When discussing how CEOs scale within their companies, most people are referring to a CEO's ability to delegate or manage a larger team. What's interesting is that I suspect that the delegation skills required to be successful in managing an organization of far greater than five to 10 people are probably very similar to the skills required to manage five to 10 people.
While Kohort, the social media start-up I co-founded, does not yet have a large team, adding more folks to the core team has not dramatically changed the way I operate and make decisions as CEO. Here's why: I believe my leadership team has already scaled.
If you want to have a constructive debate, there are only so many people that can be in the room. You can't hash something out with 50 people chiming in. As a result, when you think about each level of a corporate hierarchy there are social interactions that govern how wide each layer of an organization can be. The executive team can only be productive if it's a small enough group to have a conversation.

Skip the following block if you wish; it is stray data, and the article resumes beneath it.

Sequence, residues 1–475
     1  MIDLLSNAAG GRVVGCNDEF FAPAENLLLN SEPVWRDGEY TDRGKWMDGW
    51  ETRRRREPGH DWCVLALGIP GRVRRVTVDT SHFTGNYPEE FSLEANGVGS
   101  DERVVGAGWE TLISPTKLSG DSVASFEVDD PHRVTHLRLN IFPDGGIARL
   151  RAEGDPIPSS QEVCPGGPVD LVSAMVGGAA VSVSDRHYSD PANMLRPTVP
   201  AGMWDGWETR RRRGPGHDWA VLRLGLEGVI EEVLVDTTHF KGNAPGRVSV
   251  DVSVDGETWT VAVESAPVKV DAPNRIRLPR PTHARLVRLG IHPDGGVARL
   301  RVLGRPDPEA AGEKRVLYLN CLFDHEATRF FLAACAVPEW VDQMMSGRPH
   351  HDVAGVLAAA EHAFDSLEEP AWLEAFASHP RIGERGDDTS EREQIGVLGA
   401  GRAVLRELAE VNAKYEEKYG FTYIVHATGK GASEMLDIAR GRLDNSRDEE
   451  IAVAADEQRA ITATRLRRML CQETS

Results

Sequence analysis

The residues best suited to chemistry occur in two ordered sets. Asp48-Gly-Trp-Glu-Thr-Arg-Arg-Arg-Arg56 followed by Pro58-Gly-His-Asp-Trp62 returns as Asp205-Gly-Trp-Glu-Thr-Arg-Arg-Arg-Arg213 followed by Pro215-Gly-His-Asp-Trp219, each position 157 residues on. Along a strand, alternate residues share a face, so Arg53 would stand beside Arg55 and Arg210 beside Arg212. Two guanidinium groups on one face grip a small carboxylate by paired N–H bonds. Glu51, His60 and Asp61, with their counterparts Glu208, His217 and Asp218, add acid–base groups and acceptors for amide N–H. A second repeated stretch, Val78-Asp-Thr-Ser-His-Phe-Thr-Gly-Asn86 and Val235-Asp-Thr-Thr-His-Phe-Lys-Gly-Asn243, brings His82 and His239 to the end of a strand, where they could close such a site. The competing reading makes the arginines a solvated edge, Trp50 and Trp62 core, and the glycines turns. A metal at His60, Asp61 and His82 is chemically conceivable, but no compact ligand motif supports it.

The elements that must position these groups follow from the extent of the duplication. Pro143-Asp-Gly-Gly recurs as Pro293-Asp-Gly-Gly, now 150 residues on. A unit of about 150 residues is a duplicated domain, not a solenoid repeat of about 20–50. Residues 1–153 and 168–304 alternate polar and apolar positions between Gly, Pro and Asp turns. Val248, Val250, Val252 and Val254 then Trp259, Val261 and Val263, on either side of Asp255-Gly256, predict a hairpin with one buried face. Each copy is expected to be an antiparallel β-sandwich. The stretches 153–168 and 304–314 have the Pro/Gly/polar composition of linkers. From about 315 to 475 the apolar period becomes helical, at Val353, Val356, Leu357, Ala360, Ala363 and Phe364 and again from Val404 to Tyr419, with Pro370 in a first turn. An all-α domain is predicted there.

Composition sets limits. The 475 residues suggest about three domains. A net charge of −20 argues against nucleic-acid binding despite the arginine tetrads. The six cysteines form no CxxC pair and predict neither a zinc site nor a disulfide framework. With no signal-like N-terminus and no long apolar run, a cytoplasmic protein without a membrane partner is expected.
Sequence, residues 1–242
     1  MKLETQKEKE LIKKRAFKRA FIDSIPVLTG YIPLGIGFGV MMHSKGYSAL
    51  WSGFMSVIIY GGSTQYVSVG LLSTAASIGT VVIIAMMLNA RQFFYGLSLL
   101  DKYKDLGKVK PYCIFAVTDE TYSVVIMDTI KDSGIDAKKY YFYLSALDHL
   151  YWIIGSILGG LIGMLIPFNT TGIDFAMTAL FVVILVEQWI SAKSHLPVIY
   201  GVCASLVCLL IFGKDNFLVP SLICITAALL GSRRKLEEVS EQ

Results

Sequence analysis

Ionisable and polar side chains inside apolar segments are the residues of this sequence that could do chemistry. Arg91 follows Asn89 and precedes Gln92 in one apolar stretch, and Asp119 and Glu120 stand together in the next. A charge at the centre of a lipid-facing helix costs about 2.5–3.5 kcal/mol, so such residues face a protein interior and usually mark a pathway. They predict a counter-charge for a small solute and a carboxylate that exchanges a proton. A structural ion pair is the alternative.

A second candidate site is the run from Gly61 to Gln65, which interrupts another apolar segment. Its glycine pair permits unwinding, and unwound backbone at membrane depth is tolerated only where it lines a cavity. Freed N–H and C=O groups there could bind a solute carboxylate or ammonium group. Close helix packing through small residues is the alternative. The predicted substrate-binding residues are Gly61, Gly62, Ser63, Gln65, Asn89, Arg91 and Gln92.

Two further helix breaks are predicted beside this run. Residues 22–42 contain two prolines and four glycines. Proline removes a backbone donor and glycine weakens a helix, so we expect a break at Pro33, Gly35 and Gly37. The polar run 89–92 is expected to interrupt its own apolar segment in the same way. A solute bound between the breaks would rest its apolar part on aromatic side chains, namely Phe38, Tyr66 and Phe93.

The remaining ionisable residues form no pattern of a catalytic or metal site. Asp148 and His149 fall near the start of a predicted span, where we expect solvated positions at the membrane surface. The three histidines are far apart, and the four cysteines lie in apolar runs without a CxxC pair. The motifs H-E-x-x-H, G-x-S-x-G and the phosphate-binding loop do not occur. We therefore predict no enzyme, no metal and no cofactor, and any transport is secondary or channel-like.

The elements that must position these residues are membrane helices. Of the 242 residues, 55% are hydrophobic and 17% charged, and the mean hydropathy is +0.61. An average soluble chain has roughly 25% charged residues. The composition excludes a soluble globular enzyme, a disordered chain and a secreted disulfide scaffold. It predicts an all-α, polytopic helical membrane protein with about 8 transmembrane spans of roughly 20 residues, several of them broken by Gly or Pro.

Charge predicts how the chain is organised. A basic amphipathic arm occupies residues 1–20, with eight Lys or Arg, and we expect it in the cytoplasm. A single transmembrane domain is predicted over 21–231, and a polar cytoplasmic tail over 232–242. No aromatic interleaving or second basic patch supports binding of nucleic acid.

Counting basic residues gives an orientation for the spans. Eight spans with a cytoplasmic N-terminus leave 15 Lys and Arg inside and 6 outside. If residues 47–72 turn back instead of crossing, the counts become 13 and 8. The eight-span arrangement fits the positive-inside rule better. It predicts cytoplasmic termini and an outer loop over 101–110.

Based on that, when you expand the headcount of an organization you often grow wider and wider in the lower ranks, yet keep a relatively small management team. This creates the visual of a pyramid that we all associate with organization charts. When we hire more people at Kohort they're usually reporting to a lieutenant and my circle of interaction hasn't changed all that much.
So, given that, what does it mean when someone asks, "Can this CEO scale?"
While they might be referring to a number of different dimensions of the CEO's role –thinking big, using sophisticated business planning and analysis, and beyond – they're typically referring to a CEO's ability to delegate. My intuition tells me that a CEO's ability to perform in this dimension is observable once the team crosses into the double digits in terms of number of employees. If they can't empower others to drive a process (while also providing sufficient bumper rails) with 10 to 15 people, they probably won't be able to with a team of 100. The implication is that the test of delegation comes relatively early in the life of the company. If you're having trouble delegating relatively early on, either learn or re-evaluate your position in the company.